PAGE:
amusements were connected seem to have been, at all events chiefly, those of Dionysus ; and nence one species of them was the representation of incidents in the life of that divinity, as in the interesting specimen which Xenophon has preserved of a Sea/za, in which the marriage of Dionysus and Ariadne was represented (Conviv. 9). But they also embraced^ the actions and incidents of every day life ; thus the common performance of the Deicelistae was the imitation of a foreign physician, or other person, stealing fruit and the remains of meals, and being caught in the act.
Whether the term /lu,uos originally included any kind of imitation ivithout words, or whether it was, like those just spoken of, a distinct species of that general kind of exhibition, we are not sufficiently informed ; but it is clear that the Mimes of Sophron were ethical, that is, they exhibited not only incident, but characters. Moreover, as is implied in the very fact of their being a literary composition, words were put into the mouths of the actors, though still quite in subordination to their gestures ; and, in proportion as the spoken part of the performance was increased, the mime would approach nearer and nearer to a comedy. Of all such representations instrumental music appears to have formed an essential part. (See Xenoph. /. c.)
One feature of the Mimes of Sophron, which formed a marked distinction between them and comic poetrj% was the nature of their rhythm. There is, however, some difficulty in determining whether they were in mere prose, or in mingled poetry and prose, or in prose with a peculiar rhythmical movement but no metrical arrangement. Suidas (s. v.) expressly states that they were in prose (KaraAo-•yaSilv) ; and the existing fragments confirm the general truth of this assertion, for they defy all attempt at scansion. Nevertheless, they frequently fall into a sort of rhythmical cadence, or swing, which is different from the rhythm of ordinary prose, and answers to the description of an ancient scholiast on Gregory Nazianzen, who says of Sophron, ovros yap /novos iron]T&v j>v6/j.o'is ricrt, Kal ku\ois exptfwro, TroirjTiKrjs dva\oyias KaTCKppovtjcras (Bibl. Coislin. p. 120 ; Hermann, ad Aristot. Poet. i. 8). The short, broken, unconnected sentences, of which the extant passages of Sophron generally consist, containing a large number of short syllables, and mostly ending in trochees like the choliambic verses, produce the effect, described by the scholiast, of a sort of irregular halting rhythm (pvO/jLos /ceoAos). The following is a fair specimen (Fr. 52) : —Vl8e KaXav Koup/8coz/ • ¥8e Ka/jL/jicLpoov • ft>e <£>iAa cos epu-Qpai t' fvrl kol KeioffTpaKiwcrat.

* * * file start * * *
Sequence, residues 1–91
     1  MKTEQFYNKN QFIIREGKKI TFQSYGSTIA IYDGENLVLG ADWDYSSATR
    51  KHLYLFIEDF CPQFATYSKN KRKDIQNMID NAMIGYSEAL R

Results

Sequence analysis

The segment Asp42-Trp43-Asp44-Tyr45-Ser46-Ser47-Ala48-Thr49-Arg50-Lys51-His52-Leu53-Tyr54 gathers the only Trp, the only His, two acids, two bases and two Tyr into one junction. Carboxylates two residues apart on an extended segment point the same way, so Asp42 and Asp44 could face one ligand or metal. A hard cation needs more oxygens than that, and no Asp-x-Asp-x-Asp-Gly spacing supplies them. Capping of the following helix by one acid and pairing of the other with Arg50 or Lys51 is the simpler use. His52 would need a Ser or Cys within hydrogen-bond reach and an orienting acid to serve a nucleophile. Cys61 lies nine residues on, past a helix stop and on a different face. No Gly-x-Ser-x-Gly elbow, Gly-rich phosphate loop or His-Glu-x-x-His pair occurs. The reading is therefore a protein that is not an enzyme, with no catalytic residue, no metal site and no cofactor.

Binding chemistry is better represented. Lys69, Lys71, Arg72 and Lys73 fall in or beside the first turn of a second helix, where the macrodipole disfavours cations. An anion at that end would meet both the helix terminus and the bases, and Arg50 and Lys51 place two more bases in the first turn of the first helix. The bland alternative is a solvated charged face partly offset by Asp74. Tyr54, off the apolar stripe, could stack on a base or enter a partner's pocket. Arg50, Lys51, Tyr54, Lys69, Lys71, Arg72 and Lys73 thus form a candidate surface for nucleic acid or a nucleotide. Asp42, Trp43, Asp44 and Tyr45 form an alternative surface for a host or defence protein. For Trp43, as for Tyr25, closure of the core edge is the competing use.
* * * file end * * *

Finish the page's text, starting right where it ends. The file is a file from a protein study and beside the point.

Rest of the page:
This prosaic structure of the mimes of Sophron has given rise to a doubt whether they were ever intended for public exhibition ; a doubt which appears to us very unreasonable. Not to insist on the fact that Sophron lived at a period when no works, except of history and philosophy, were composed for private reading, we have before us the certainty that the Mime was, in its very nature, a public exhibition, and, in accordance with the analogy of all similar improvements at that period, we must infer that all the efforts of Sophron were directed, not to withdraw it from its appropriate sphere, but to adapt it to the growing requirements of a more refined age, and to make it acceptable to spectators less easily satisfied than those who had welcomed its ruder forms. Moreover, to suppose